Welcome to the spring edition of The PAR Quarterly. This newsletter is designed to highlight topics of interest to you, our Customer. In this issue, we focus on the issue of parenting stress.
Many of us have experienced the emotional swings between joy and panic during the first few days, weeks, and months of being a parent. As children grow, the stresses of parenting change in nature but not necessarily in intensity. Those of us who work with children and families often witness the struggles of parents as they cope with the challenges of building a strong family life. There is no manual on parenting!
In families with certain types of stress or combinations of stressors, however, the parenting role can be overwhelming, and the effects of that stress on children can be devastating. “Parenting stress is an important factor in child development,” says Dr. Richard Abidin, emeritus professor of clinical and school psychology at the University of Virginia and author of the newly revised Parenting Stress Index™ (PSI™-4). “High levels of parenting stress are associated with and predict a wide range of dysfunctional parenting behavior and negative child outcomes. Reduced sensitivity, lack of warmth, harsh—if not abusive—and neglecting behaviors, and the inability to provide a secure and supportive home environment can negatively impact children’s psychological development and educational competence.”
According to Dr. Abidin, the most significant sources of parenting stress fall into three major domains:
Families with high levels of stress in these domains may be at increased risk for dysfunction in the parent-child relationship.
Research has clearly demonstrated that parenting stress is positively correlated to child abuse potential (Rodriguez & Green, 1997; Whipple & Webster-Stratton, 1991). Considering the impact that parenting stress has on child development as well as its potential as a risk factor for child abuse, the long-term consequences—not only for the child but also for society as a whole—are clear. The U.S. Department of Health & Human Services reports that, in 2010, an estimated 695,000 children were victims of maltreatment. More than 80% of victims were maltreated by a parent, and children younger than 1 year had the highest rate of victimization.
Adult survivors of child maltreatment are more likely to have a poor quality of life, with higher levels of chronic diseases and mental health issues, than non-abused adults. “Childhood exposure to abuse and neglect has been linked...to a lifetime trajectory of violence perpetration and victimization,” says Dr. Phaedra Corso of the University of Georgia’s College of Public Health (Prevent Child Abuse America, 2012). Child abuse can be a vicious circle, and some families under stress need support to help break the pattern of abuse.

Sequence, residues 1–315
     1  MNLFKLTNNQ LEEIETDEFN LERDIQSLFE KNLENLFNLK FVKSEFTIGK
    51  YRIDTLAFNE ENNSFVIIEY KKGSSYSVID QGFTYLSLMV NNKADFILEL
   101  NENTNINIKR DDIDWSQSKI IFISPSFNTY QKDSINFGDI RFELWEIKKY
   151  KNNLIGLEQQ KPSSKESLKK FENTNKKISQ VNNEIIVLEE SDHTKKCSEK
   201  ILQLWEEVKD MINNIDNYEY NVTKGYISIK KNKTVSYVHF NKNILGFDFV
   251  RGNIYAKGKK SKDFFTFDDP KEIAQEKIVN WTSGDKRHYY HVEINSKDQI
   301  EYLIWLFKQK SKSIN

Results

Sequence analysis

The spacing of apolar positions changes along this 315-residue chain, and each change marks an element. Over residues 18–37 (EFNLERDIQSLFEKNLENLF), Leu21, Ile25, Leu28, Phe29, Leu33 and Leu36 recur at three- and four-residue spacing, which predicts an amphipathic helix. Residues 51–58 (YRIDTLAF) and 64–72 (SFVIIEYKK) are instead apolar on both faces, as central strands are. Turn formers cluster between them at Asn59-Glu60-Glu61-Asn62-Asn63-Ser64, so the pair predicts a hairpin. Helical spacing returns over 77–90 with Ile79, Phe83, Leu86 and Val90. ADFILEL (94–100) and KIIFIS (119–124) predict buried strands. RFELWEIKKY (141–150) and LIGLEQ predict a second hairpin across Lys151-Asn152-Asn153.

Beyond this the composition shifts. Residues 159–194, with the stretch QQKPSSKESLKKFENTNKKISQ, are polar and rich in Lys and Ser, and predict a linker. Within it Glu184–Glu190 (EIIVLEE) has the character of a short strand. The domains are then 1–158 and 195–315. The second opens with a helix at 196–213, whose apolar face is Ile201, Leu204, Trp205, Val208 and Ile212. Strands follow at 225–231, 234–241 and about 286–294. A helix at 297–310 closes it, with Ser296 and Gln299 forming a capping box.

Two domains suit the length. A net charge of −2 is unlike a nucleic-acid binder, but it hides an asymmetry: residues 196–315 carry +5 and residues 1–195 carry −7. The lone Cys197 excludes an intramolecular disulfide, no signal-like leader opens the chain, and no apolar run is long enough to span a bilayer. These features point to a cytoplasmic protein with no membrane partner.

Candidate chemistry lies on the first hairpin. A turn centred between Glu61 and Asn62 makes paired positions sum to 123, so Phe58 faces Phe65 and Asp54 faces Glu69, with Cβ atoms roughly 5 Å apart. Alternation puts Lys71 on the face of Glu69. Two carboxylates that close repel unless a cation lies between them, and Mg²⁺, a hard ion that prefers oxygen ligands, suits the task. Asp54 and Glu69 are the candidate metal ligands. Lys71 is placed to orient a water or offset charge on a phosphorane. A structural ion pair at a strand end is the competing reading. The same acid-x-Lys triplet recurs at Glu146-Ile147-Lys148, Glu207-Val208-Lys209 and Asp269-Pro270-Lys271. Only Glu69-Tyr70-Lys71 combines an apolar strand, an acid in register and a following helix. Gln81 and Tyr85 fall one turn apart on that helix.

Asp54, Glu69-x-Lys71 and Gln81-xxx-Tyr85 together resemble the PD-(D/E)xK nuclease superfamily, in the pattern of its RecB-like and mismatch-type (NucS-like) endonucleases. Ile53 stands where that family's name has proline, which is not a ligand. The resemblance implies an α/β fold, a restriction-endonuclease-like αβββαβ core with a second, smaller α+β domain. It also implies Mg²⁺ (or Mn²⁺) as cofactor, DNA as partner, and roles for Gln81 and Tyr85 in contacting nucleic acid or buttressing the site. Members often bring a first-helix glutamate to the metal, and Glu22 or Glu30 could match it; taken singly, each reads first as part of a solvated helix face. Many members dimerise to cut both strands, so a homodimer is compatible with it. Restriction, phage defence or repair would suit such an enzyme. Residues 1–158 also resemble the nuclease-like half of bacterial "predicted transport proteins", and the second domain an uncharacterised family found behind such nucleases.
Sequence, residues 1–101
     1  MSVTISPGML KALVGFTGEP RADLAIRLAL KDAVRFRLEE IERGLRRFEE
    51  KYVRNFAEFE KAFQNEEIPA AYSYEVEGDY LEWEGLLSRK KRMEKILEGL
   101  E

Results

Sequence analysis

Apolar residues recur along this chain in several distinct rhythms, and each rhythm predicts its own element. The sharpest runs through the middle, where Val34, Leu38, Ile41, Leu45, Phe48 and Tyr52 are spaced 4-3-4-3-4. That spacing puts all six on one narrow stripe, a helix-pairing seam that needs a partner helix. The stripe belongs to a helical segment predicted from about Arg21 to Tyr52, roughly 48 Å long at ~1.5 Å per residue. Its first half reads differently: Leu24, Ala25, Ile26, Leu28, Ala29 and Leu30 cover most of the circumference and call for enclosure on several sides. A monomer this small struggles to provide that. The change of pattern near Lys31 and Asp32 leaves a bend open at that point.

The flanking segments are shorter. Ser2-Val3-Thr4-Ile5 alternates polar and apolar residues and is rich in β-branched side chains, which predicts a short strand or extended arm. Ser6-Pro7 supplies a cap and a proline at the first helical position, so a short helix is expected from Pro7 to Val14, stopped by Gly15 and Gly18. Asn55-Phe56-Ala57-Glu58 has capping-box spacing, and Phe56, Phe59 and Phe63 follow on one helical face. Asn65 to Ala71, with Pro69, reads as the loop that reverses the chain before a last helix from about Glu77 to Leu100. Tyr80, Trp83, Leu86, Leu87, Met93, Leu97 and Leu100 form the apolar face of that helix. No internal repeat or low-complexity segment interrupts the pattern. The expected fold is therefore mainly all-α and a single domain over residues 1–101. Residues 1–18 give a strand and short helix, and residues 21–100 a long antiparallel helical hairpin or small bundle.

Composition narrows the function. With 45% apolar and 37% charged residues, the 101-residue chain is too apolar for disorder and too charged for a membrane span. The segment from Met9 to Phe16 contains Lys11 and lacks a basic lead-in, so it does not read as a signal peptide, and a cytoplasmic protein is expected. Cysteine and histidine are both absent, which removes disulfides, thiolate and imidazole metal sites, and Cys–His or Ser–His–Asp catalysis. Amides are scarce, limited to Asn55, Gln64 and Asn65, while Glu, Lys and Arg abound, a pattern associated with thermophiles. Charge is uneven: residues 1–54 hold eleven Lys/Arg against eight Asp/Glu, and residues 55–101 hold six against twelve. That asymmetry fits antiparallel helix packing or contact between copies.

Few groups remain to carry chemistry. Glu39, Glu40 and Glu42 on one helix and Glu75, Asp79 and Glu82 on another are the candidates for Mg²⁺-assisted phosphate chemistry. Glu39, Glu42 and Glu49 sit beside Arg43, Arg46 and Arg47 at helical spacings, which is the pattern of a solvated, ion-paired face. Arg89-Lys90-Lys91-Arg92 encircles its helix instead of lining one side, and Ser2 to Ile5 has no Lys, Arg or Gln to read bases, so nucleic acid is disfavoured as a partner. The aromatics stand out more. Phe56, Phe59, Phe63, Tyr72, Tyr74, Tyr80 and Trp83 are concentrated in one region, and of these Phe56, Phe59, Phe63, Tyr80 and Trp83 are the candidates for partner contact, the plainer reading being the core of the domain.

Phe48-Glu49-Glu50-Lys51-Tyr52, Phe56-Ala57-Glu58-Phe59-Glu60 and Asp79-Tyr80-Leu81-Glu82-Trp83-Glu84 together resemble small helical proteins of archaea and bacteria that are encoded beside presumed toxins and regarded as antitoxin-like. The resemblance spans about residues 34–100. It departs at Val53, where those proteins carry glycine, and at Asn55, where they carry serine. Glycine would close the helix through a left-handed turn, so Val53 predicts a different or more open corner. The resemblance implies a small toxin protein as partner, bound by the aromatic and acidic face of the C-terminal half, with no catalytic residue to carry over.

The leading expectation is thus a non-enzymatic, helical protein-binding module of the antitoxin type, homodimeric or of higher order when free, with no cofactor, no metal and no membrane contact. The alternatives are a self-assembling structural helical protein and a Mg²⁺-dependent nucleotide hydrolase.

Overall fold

With the stakes so high, it is essential to distinguish between families with normal levels of stress and families who may need more significant support or intervention. The newly revised Parenting Stress Index™, Fourth Edition (PSI™-4) from PAR is a 120-item inventory that measures stress in the parent-child relationship and identifies the specific sources of that stress. Information from the PSI-4 can help you in designing a treatment plan, setting intervention priorities, and/or following up on the results of an intervention. Common settings for administration of the PSI-4 also include medical centers where children receive care, outpatient therapy settings, and pediatric practices. This edition of the PSI has been improved and updated, with new normative data stratified to match the demographic composition of the 2007 U.S. Census. Validation studies conducted within a variety of non-English speaking populations suggest that the PSI is a robust measure that maintains its validity with diverse cultures.
“Parenting stress is a universal phenomenon that all parents experience to one degree or another,” explains Abidin, who is also the author of the PSI-4. “What we have learned is that high levels of stress relate to a variety of dysfunctional parenting behaviors and negative child outcomes. Screening for and evaluating the sources of parenting stress allow for the implementation of prevention and early intervention in both primary health care and education systems.”
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We hope that you find this newsletter to be informative and useful. At PAR, we truly appreciate the opportunity to serve as a resource for the important work that you do.